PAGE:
- Lecture 9 – Speech Recognition (ASR) [Andrew Senior]
- Lecture 10 – Text to Speech (TTS) [Andrew Senior]
- Lecture 11 – Question Answering [Karl Moritz Hermann]
- Lecture 12 – Memory [Ed Grefenstette]
- Lecture 13 – Linguistic Knowledge in Neural Networks

Have you watched any of these lectures? What did you think?

Let me know in the comments below.

## Projects

The course includes 4 practical projects that you may wish to attempt to confirm your knowledge of the topic.

The projects are as follows, and each has their own GitHub project containing the description and relevant starting materials:

- Practical 1: word2vec
- Practical 2: text classification
- Practical 3: recurrent neural networks for text classification and language modelling
- Practical 4: open practical

## Further Reading

This section provides more resources on the topic if you are looking go deeper.

- Deep Learning for Natural Language Processing: 2016-2017
- Course Lectures on GitHub (PDF)
- Course Lecture Videos on YouTube
- Discussion of Course on Hacker News

## Summary

In this post, you discovered the Oxford course on Deep Learning for Natural Language Processing.

Specifically, you learned:

- What the course entails and the prerequisites.
- A breakdown of the lectures and how to access the slides and videos.
- A breakdown of the course projects and where to access the materials.

Do you have any questions?

Ask your questions in the comments below and I will do my best to answer.

Hi Jason,

Thanks for sharing this. I was wondering which course according to you is a better one: CS 224n or this one?

I really liked Oxford course on DL by nando de freitas though it’s very concise. I watched the initial word2vec/glove lecture from 224n but didn’t like it as much.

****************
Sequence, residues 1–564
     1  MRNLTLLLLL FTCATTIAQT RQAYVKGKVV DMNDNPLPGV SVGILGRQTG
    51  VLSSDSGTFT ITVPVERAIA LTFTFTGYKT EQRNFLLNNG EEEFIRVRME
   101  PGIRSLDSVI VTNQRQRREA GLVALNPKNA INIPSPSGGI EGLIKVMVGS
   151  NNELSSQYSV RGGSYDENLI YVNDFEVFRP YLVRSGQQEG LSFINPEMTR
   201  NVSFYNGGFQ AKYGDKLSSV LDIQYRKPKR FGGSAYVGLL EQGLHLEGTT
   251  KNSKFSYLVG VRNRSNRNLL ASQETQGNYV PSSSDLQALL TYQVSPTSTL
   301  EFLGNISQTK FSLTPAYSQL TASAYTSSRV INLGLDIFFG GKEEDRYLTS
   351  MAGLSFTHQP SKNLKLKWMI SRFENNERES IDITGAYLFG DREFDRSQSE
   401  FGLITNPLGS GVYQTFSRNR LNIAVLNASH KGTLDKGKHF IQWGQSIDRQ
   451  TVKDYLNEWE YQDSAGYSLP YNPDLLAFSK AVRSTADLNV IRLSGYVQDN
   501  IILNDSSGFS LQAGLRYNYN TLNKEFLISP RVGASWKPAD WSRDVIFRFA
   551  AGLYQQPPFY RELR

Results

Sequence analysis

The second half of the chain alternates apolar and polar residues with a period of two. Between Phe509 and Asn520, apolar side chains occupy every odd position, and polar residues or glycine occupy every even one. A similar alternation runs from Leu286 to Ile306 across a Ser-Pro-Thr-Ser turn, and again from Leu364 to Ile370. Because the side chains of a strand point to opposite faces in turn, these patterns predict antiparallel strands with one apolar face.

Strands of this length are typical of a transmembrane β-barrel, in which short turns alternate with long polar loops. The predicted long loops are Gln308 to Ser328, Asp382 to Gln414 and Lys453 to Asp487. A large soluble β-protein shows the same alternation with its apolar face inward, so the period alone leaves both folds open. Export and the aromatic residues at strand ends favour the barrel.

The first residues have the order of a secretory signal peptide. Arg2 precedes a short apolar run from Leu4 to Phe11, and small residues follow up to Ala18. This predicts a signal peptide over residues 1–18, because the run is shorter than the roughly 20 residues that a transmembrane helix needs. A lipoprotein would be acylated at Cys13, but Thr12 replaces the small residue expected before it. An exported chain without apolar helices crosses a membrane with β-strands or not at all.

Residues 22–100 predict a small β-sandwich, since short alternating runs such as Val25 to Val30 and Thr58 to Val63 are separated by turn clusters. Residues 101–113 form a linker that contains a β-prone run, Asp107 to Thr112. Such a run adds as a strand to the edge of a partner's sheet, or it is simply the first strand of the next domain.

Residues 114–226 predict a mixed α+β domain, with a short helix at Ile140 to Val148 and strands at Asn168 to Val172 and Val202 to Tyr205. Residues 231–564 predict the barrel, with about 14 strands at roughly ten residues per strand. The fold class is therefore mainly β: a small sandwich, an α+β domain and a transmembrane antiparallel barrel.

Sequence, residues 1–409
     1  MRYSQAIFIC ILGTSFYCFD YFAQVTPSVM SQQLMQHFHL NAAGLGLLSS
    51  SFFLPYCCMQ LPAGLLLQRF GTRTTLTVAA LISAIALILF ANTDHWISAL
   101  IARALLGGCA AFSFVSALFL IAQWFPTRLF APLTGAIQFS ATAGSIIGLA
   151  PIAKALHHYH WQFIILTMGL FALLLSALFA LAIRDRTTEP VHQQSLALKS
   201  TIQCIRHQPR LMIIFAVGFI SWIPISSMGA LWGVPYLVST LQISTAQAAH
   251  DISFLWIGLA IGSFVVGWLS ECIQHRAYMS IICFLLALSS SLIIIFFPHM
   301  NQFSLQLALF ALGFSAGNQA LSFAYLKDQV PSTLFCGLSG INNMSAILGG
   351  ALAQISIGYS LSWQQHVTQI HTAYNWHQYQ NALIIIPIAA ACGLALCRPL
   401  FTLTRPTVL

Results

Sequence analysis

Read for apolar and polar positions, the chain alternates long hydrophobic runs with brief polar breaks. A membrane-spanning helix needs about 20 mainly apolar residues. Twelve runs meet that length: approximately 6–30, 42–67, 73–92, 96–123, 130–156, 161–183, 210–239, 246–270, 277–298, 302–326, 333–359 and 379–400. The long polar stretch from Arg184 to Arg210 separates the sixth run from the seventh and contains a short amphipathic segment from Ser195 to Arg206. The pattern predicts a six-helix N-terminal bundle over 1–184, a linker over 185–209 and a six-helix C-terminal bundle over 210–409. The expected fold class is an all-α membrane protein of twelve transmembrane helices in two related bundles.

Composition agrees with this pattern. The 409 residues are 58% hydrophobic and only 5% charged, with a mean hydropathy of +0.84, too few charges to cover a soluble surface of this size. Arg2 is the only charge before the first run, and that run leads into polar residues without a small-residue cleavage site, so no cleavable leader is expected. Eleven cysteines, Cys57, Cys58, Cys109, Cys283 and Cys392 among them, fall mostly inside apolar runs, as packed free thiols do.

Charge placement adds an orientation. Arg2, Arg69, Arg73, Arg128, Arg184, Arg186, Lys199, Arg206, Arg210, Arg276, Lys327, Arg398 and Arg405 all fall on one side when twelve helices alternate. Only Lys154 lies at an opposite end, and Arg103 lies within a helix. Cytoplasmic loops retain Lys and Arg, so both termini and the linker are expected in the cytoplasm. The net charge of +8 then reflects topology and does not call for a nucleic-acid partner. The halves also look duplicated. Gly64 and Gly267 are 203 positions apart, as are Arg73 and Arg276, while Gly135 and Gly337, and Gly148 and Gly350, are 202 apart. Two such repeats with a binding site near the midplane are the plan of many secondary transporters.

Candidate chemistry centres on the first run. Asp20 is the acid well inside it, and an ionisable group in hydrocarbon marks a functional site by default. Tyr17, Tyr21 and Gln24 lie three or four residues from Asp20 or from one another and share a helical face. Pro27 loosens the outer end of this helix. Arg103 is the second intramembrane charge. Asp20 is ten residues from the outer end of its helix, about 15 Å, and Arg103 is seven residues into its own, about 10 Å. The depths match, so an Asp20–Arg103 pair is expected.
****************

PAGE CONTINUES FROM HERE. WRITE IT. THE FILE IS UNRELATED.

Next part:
Thanks

I like them both, but I consumed more/all of the stanford course.

Sample some of each and choose the style you prefer.

Hi Jason,

Thanks for sharing .Very helpful.

Thanks !!

You’re welcome.

Thanks for sharing. It looks very interesting!

I hope it helps.

This looks very promising, thank you for sharing.

Let me know how you go with it.

Hi, I just know some basics of neural network, activation functions etc. That s about it , I have not yet learnt algorithms like Backpropagation. Is this course suitable for my level?

The course is for academics, it may not be suitable.

But, you can still work through it and pick up the elements you need for your own projects.

Thanks. This is a great course

It is!

Funny what they call ‘practical’ …. when I hear ‘t-SNE’ + ‘practical’, I tend to run.

Ha!

HI

My son is a high school I want to introduce him to machine learning at an early age. I am looking for a weekend course for my son.

please, can you suggest how I should go about doing it? I was looking for some undergraduate courses in machine learning

awaiting your response.

Wonderful question!

I think a great place to get started is with Weka, a graphical user interface that lets you work preparing data and developing a model:

https://machinelearningmastery.com/start-here/#weka

Hi Jason, Do you happen to know if their is any python code associated with the Oxford NLP course? thanks, Toby

Not off hand, sorry.